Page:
Along with your dislike of tract housing in suburbs, could you please give some concrete examples of what you don't like? The consumerism mindset of people in this country, in addition to the capitalistic style of economy. Capitalism doesn't always have to equal democracy/republic. The "Me first" mentality of most Americans, and the attitude that ones success should be measured on material things. On that note, the material worship of many Americans. The whole attitude of individual being more important than the community. The degree to which many Americans are so wasteful. The idea of demonizing an opponent because they don't agree with you (though this can be considered more universal than unique to the US) The lack of appreciation for the environment as compared with the perceived value of one's "right" to do what they want with their land. The general lack of self-control and moderation among Americans (though this is also seen around the world, IMHO it is really bad here)
You use a lot of sweeping generalizations. How do you know so well what "most Americans"/"many Americans" think or do? Communities are made up of individuals, so both have to be taken into account and cared for. Both are important, not one over the other.
Demonizing an opponent is a human trait and certainly not limited to the US by a long chalk.
I would also like to suggest to you that it is the matter of caring for the environment that is
what some people want to do with their own land as well as with the public lands. When landowners don't want garbage and junk dumped there, when they don't want fires set or things torn up, it can be for the land's sake
That's another aspect: "purchased" as in the owner willingly sells or as Eminent Domain where land is taken, with some recompense but without the owner's consent? Either way, but preferably willingly selling land. Eminent Domain should be even beyond a last resort. Example: A farmer unwilling to sell his land to developers, ED shouldn't EVER be used... Or... A person living across the country still owns an abandoned, run down home in the inner city that is used by criminals now, ED should def. be used if the person can't be reached or won't sell it. ED should only be an issue if there is obvious harm to the community through criminal activity.
But in the proposal that more national parks and lands be set up, would you permit those in the designated area who do not want to sell to remain and to have free access to the "outside world" if they are surrounded?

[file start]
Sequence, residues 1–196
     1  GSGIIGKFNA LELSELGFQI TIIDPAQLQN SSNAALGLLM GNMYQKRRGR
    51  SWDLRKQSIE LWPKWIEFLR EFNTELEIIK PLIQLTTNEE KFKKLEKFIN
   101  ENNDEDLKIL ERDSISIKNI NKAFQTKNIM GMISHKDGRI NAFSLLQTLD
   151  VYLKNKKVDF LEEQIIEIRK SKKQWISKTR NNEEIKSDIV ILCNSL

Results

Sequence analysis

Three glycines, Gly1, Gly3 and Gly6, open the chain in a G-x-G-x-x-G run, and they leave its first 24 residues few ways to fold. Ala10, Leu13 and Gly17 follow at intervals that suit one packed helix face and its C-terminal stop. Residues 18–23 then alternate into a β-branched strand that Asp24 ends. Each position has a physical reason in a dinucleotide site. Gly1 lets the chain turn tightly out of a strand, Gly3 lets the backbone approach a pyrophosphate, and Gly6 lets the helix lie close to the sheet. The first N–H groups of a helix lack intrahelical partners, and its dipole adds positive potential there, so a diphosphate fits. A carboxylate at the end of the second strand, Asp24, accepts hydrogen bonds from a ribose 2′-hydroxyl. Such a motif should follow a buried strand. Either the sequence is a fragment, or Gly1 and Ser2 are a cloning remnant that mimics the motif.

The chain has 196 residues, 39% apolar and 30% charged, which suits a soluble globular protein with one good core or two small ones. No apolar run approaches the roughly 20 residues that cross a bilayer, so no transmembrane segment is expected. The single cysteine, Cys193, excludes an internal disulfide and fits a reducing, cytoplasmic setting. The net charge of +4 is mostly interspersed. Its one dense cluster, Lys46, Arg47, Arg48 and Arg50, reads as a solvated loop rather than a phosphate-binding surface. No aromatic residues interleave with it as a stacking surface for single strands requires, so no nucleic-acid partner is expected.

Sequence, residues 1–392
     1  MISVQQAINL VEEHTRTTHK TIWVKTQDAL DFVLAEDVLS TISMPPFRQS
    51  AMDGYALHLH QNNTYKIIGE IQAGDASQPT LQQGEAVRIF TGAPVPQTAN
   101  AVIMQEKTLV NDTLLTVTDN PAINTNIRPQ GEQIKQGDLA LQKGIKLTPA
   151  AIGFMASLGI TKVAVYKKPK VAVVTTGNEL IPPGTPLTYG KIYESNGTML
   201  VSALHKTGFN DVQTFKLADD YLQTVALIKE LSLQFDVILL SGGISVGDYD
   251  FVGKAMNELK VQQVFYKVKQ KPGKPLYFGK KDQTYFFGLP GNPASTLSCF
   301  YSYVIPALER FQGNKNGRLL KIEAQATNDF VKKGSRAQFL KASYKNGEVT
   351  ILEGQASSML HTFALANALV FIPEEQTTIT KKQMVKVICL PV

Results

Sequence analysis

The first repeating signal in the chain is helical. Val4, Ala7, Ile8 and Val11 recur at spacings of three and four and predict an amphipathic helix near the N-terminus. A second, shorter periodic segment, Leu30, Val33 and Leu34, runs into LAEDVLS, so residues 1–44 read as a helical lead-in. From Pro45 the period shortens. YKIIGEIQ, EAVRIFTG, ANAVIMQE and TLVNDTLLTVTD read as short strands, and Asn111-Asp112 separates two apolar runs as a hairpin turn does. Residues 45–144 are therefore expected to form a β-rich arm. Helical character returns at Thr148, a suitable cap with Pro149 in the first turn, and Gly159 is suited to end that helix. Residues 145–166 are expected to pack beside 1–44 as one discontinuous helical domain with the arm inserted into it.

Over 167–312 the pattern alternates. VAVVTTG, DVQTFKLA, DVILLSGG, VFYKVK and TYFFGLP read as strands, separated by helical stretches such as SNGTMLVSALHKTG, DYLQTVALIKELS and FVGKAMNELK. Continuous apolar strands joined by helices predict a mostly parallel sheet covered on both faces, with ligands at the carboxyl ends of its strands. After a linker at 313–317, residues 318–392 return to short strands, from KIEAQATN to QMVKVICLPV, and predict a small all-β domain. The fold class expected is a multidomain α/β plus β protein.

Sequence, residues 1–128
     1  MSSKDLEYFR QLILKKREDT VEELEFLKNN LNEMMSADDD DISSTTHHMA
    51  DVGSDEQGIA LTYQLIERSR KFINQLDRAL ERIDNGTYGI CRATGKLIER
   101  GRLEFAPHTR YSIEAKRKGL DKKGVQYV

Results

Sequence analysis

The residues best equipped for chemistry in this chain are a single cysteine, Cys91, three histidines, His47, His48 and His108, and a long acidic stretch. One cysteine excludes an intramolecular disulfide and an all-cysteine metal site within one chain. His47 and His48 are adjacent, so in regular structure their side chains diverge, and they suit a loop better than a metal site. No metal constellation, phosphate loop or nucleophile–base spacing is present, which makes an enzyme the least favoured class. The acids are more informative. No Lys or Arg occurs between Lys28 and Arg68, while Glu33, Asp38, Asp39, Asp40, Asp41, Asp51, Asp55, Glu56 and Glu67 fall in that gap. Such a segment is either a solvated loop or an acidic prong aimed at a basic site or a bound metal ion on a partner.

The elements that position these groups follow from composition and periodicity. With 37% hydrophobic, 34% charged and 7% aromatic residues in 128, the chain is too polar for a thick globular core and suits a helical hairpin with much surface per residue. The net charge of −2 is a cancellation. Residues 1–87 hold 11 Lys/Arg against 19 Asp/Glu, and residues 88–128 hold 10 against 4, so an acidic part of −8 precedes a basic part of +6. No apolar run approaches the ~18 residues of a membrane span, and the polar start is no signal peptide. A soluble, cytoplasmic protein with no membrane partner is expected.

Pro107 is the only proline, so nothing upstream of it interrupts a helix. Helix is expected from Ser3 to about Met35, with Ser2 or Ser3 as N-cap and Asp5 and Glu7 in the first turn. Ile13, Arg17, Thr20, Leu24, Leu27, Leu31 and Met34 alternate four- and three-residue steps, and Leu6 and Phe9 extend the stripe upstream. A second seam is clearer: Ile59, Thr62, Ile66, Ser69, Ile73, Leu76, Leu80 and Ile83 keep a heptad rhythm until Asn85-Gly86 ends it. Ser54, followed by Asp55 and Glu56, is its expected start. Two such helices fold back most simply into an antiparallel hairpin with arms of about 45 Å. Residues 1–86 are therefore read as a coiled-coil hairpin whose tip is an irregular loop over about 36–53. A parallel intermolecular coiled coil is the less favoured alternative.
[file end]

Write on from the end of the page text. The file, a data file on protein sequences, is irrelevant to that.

That isn't the only reason that walls/fences were built Sometimes they keep things in that shouldn't be allowed to wander off.What shouldn't be allowed to wander off? Animals? Animals shouldn't be pinned in like they are now... Building up fences harms the natural animals as well as the domesticated. (However guard dogs, and things like that obviously ought to be chained, but I'm speaking about farm animals like Cattle, Horses, etc..)
"Shouldn't"? Have you ever spent any time on a farm or ranch? Do you know that some animals, like sheep for instance, will wander and can come to harm without some kind of protection? Not just to keep them off of the roads and highways, but from falling down coulees or into rivers. Sometimes edges give way and an animal or a person can fall to their injury or death. "Pinned in"? How are open range or hundreds of acres of pasture/grazing land "pinned in"? Out in Montana, the "fences" are not 10 foot high wood or brick walls. Most are posts with log/wood/wire. (that's not counting the snow-fences that keep blowing snow off of highways either). Elk, deer, wolves and other creatures can get over/under/around it. Wild birds aren't hemmed in at all.
I also think you draw an incorrect dichotomy between "natural" and domesticated animals. There's nothing "unnatural" about cattle or horses. Horses are also working animals, partners with the rancher or farmer, like some dogs; they can be vital in caring for the ranch. It's not in the interests of a rancher or farmer to mistreat his stock. And speaking of farmers, crops need to be protected from getting eaten or driven over or taken among other things. There is nothing inherently "evil" or wrong about fences. It depends on the use and some of them are for good reasons.
Also, I wasn't just talking about animals. Small children, kids with disabilities, people with dementia among other examples might need to be given some protection that a fence can provide both to keep them from getting out in the street or other forms of harm (cliffs, water, cold etc) and to keep things that could hurt them away. Our youngest has mild Down Syndrome. For a while, one neighbor had a large strong dog in the yard and a driveway that ran along the side that would have people in trucks or cars sometimes driving down to the back. The children like to play in the yard and there is supervision. But as he got older, he got faster and he likes dogs and trucks and the temptation to go next door would happen at times. We put up a nice white post and board fence to at least slow him down. The fence did not take the place of having supervision. It is an additional aid to keep him safe and well.